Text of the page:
You do not need even half the stuff you have in your trolleys.  You know most of it will be sitting in bin bags come new year’s day. Next to your no-longer required Christmas trees.   And you’ll be back in M&S or Waitrose or wherever you shop, this time stocking up on the alcohol for seeing in 2015. I will be volunteering at a homeless overnight shelter over Christmas in the heart of London.  I am not doing this because it is seen as a ‘good’ thing to do. No act is ever truly altruistic anyway.  I am aware of my own selfish motives but they are healthy ones I tell myself as they benefit both me, the volunteer, and the ones I volunteer with.  I am reaching out because I feel that there is a lot of pain, loneliness and isolation 365 days a year. And this is felt even more acutely over the festive period.  So Christmas is exactly the time of year when a little bit of kindness towards those who have little or nothing, may save someone another year of heartbreak; of feeling alone while others seem to have  a place to go, family to be with, friends to share warmth and joy and companionship, or a Home (a concept that people who have never been homeless are so quick to dismiss).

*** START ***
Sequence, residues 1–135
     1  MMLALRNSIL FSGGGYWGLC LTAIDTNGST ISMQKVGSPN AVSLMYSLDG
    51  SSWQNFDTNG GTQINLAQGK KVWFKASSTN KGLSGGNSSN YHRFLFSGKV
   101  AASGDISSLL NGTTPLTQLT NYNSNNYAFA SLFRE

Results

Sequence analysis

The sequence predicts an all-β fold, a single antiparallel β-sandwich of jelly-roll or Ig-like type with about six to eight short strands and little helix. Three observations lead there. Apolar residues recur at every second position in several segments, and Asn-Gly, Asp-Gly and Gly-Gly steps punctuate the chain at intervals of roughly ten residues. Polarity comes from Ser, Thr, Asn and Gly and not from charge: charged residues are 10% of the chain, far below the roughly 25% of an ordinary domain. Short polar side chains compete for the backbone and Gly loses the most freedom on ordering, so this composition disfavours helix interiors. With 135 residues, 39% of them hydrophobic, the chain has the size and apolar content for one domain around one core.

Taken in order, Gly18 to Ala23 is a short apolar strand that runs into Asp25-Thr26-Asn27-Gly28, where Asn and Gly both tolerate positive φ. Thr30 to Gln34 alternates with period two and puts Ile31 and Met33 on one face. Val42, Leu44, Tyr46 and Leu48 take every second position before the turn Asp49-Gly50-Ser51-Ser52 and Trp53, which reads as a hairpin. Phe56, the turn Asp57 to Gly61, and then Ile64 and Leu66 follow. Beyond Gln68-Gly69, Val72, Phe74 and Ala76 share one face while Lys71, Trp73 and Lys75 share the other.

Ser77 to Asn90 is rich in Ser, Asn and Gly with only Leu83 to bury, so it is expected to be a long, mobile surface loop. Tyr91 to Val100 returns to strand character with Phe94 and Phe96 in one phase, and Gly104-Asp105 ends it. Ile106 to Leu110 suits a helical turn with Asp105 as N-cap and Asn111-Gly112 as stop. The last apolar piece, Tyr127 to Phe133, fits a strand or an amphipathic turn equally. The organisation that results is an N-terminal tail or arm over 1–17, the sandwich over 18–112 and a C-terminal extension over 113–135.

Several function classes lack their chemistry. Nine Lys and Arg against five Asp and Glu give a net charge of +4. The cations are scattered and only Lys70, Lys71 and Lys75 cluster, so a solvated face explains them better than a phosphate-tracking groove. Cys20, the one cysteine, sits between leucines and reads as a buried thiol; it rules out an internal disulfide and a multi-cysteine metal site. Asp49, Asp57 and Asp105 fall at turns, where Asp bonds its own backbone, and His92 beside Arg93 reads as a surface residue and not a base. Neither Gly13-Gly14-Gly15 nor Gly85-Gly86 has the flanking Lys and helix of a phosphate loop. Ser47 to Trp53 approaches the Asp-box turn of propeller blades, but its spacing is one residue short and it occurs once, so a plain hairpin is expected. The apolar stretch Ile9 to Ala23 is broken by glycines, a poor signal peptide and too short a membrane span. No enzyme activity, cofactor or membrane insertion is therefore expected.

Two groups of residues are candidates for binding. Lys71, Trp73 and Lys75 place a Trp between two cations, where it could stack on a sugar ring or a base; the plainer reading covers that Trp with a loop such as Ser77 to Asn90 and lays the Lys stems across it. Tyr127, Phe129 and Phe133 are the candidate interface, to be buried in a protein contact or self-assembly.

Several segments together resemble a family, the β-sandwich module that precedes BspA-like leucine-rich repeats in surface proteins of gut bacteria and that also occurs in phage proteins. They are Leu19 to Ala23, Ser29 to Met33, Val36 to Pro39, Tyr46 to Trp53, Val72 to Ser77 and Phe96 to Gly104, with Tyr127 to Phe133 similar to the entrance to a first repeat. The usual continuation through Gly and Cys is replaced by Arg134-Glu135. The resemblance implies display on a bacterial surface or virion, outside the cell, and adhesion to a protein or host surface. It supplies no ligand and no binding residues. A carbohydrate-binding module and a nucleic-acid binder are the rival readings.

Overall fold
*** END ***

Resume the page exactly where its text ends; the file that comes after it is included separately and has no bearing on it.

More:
And it is not just the homeless.

There is hidden homelessness too. And not just those who are sofa-surfing.

Think about the ones locked up, in prisons, in immigration detention centres, behind four walls that close down on a person every day. I invite you, if you can, to suspend judgment for a moment and just reflect on those separated by force and not by choice from those they love. Think about how being locked-up changes a person, how they may choose to disconnect because it may be easier for them to do so (but not necessarily for the ones affected down the line) and the ripple effects of this choice, cascading down over and over again in waterfalls of pain, to all those connected and involved.

Think about how we all are vulnerable and become products of our environment, like it or not. And the damage this does. Feel all this. Let it sink it. Don’t brush it away. It matters. So there is a lot to think about! And maybe the next time you load a trolley and your basket for things you do not need, pause and reflect?   Think about your friends who may be on their own pretending to be all OK and strong. Perhaps you could ring them? Or ask if you could come over, for a chat or a chocolate digestive? Or both?

You never know, your kindness may just save someone.

Take care.

Be kind to yourselves.

Quaker Homeless Action

Detention Action

Prisoners’ Families and Friends Service

a life once lived

Once upon a time, a long, long, while ago, there lived a woman, who appeared (to herself at least), to know what she wanted to do and be.